The Joyful Mysteries of the Rosary lead us up to and through the birth of Jesus Christ and his childhood. For that reason, they make for wonderful reflections during the seasons of Advent and Christmas. With that in mind, join me as we reflect on the Joyful Mysteries of the Rosary, beginning with the First Joyful Mystery: The Annunciation.
It’s not uncommon for contemporary people, when reading stories such as the Annunciation (the angel appearing to Mary, Luke 1:26–38), to comment along the lines of, “Well, I’d have a much easier time making decisions if an angel appeared to me and told me God’s plan!”
Ah, be careful what you wish for!
The truth is, whenever people in Scripture—including Mary—are confronted by an angel, they react with great fear. As a result, the first words out of the mouths of most angels are, “Do not fear!” So, why are people so afraid of angels? Angels represent encounters with the Divine, and the Divine is always clouded in mystery. And mystery is unnerving.
While the messages of the angels are direct, the “logic” of their messages is usually lacking. In other words, while the angel makes clear what God’s desire is, the recipients of those messages rarely find out the why or the how of God’s plan. It’s frightening to trust someone when we don’t have all the details or if the logic doesn’t quite add up.
The story of the Annunciation reminds us that, while we can indeed come to know God’s desires and plans for us, those desires and plans remain shrouded in mystery; the details are usually left for us to navigate. God points us in general directions—often through the help of angels—but we need to trust every step of the way, as Mary did, that the ensuing decisions we make are indeed leading us where God wants us to go.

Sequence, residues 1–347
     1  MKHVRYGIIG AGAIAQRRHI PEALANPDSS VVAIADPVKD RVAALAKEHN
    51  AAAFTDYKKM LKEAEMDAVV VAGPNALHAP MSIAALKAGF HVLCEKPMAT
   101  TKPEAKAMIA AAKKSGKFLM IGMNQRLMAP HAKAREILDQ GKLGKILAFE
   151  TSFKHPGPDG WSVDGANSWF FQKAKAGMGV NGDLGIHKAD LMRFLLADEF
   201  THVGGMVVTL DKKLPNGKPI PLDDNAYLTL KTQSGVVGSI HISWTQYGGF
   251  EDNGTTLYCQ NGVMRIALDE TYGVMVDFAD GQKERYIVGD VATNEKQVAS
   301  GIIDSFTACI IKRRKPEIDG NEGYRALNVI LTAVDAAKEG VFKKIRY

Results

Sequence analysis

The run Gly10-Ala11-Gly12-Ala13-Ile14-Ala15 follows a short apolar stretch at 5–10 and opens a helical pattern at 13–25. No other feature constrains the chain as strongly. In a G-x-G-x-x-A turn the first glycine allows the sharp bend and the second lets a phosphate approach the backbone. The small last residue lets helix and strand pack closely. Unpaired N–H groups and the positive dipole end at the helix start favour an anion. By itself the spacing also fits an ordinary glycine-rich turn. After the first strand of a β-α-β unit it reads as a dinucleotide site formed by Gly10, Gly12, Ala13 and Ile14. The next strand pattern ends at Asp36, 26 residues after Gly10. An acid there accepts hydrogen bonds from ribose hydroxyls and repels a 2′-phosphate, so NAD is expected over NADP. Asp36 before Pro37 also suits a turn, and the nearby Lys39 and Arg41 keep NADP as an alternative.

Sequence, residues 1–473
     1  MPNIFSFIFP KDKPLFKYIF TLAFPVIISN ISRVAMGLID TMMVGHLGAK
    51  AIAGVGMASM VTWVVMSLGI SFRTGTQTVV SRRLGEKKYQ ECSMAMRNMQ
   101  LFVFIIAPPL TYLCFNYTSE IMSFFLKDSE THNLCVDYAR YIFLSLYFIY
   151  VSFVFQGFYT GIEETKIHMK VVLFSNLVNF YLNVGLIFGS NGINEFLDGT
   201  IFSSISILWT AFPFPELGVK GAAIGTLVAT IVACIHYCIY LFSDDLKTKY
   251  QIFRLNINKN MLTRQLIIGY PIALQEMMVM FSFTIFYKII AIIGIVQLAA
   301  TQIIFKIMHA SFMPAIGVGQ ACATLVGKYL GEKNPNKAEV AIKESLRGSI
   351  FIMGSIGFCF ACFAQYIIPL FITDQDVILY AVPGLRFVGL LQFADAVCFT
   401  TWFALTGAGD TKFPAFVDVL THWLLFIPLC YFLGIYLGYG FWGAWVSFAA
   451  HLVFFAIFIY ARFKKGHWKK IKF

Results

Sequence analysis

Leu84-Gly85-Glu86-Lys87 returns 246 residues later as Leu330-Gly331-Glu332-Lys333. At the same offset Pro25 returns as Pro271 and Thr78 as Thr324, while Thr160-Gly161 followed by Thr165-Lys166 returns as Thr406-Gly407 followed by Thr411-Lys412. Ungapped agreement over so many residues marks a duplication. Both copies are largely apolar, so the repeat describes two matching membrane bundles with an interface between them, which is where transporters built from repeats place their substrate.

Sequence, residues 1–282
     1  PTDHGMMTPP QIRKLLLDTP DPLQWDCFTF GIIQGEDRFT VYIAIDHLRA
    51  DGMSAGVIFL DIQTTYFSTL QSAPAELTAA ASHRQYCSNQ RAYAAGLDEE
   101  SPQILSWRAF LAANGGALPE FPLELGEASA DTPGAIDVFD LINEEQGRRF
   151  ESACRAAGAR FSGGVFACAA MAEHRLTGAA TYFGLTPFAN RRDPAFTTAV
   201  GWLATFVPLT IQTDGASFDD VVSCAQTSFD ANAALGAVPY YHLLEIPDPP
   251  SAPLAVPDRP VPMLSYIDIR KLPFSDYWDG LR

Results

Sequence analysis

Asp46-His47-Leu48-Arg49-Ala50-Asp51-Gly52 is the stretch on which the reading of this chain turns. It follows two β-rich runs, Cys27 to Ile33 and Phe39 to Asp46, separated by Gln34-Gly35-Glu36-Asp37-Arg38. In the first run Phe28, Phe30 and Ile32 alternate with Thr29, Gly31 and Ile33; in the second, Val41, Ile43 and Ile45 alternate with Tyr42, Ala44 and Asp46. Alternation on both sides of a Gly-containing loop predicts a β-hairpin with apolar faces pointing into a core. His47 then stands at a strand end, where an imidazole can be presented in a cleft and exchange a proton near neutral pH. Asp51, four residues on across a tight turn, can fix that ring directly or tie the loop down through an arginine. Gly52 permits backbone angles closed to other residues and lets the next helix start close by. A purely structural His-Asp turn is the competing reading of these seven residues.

During this Advent season, may each of us pause to reflect on the angels in our lives, who have helped us to discern God’s plan for us, and may we each pray for the strength, courage, and faith to trust that God is leading us to a place where our will aligns more closely with his.
And may we not fear the mystery of what is to come!
Image: Detail from “The Fifteen Mysteries and the Virgin of the Rosary” by Netherlandish Painter (possibly Goswijn van der Weyden, active by 1491, died after 1538), ca. 1515–20, public domain via The Metropolitan Museum of Art.
Deepen your understanding of the Rosary by reading The Rosary: A Path into Prayer by Elizabeth M. Kelly and The Complete Rosary: A Guide to Praying the Mysteries by William G. Storey.